CALDWELL -- Former Canyon County Prosecutor John Bujak was back in court Friday to deal with issues related to several criminal charges.
He is accused of felonies, including misuse of public funds and falsifying evidence.
A judge handled two issues today. Should Bujak's bond conditions be changed or revoked? And should he be allowed representation by a public defender at no cost to himself?
First, the issue of Bujak's bond.
Each time Bujak has been arrested, his family has been able to post bond. For a while, Bujak had GPS monitoring. But earlier this year, just weeks after getting the tracking device removed - prosecutors say Bujak sent fake documents to the prosecutor's office - documents that if true, would help Bujak's case. So while out on bond, prosecutors allege Bujak is committing more crimes.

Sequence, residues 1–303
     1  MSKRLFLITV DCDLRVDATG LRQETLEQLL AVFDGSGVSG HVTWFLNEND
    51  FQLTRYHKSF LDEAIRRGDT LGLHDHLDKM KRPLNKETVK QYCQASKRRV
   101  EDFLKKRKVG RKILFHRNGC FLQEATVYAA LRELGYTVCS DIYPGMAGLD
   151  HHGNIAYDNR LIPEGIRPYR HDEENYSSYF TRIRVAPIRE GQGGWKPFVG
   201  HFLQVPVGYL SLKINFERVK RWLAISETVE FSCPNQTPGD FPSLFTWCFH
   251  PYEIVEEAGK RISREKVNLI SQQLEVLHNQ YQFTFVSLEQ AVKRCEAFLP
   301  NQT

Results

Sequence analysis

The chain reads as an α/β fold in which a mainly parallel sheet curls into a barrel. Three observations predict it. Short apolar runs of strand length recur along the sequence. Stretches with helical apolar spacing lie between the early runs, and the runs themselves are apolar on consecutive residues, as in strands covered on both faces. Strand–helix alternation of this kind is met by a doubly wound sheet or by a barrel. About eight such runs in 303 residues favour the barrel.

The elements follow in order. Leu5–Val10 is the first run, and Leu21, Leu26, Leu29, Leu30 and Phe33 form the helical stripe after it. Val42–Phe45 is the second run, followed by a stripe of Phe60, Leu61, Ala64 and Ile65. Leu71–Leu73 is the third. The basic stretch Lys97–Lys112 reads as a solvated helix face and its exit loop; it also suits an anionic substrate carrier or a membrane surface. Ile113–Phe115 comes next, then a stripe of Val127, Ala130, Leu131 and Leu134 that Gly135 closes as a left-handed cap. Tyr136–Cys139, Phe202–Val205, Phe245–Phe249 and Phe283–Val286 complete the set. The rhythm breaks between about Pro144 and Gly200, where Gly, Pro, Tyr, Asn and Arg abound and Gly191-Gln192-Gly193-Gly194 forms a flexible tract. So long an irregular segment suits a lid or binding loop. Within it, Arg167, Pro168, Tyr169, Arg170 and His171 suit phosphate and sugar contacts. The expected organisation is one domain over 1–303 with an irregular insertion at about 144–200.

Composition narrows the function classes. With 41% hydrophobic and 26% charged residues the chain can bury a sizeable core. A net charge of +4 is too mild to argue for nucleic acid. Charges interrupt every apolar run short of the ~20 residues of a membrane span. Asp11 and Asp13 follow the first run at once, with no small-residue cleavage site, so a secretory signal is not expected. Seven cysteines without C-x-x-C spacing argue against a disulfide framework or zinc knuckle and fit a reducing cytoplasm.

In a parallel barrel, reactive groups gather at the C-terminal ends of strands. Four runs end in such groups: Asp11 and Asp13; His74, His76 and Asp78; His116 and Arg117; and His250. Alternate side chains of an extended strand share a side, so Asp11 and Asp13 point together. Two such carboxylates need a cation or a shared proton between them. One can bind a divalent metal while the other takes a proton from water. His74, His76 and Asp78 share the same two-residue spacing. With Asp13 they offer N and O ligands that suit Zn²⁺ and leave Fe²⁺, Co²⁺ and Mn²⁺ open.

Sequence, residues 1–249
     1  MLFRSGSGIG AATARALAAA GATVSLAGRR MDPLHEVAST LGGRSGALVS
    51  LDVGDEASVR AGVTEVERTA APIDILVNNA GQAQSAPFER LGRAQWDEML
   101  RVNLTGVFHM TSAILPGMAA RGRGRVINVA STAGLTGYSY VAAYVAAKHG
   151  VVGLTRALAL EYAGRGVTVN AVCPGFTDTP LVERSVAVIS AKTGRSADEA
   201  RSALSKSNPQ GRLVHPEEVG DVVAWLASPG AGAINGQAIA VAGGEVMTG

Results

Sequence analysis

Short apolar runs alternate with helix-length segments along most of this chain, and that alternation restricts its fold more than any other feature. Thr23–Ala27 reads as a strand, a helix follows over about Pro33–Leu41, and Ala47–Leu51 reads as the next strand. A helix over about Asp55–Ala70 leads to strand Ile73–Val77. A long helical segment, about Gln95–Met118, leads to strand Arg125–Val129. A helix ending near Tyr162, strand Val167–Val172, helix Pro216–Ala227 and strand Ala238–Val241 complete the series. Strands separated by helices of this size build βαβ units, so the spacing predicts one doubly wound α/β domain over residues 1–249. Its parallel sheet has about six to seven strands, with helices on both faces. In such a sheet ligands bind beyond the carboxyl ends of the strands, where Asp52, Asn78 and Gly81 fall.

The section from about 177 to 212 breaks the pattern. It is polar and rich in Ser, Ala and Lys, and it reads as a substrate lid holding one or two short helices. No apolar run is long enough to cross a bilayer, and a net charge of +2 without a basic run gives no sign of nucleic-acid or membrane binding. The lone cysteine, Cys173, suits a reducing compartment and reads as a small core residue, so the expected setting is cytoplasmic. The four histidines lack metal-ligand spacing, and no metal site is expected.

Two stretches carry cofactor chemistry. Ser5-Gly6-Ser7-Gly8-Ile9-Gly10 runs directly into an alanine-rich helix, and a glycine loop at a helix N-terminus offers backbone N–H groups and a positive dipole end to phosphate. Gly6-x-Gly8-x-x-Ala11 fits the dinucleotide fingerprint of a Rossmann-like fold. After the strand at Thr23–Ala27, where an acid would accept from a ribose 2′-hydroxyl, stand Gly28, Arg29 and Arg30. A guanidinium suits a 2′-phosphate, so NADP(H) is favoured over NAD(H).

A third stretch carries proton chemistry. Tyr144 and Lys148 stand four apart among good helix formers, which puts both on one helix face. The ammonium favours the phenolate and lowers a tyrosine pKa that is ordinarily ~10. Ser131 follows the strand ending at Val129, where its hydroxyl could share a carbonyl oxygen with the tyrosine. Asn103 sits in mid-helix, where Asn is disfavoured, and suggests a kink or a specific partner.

"That to us your honor indicates to us that Mr. Bujak is intentionally trying to undermine the integrity of the judicial process and affect the outcome of this case," said prosecuting attorney Stephen Bywater.
With that accusation, prosecutors asked the judge to set Bujak's bond at $500,000 and put him back on GPS monitoring.
Countering, Bujak's attorney argued that he has made every court appearance, has been helping his attorneys on the case, and amongst his criminal cases has posted thousands of dollars in bail.
"So he's out on $130,000 right now among the three cases, and I think that's more than adequate," said Rolph Kehne, Bujak's attorney.
The judge decided to keep Bujak's bond conditions as they are, so Bujak remains out of custody.
The other main issue today was whether Bujak has the money to help pay for his own attorneys.
Recently, a judge ordered Bujak to pay $1,000 a month toward his attorney fees.
But today, Bujak said he couldn't afford that and asked to represent himself instead. After some discussion, the judge decided Bujak doesn't have to pay - at least not now. After the case is over, he could be asked to pay.
Bujak will be in court again next Friday to enter a plea in his latest charges of falsifying evidence and computer fraud. He faces up to five years in prison on each of those charges.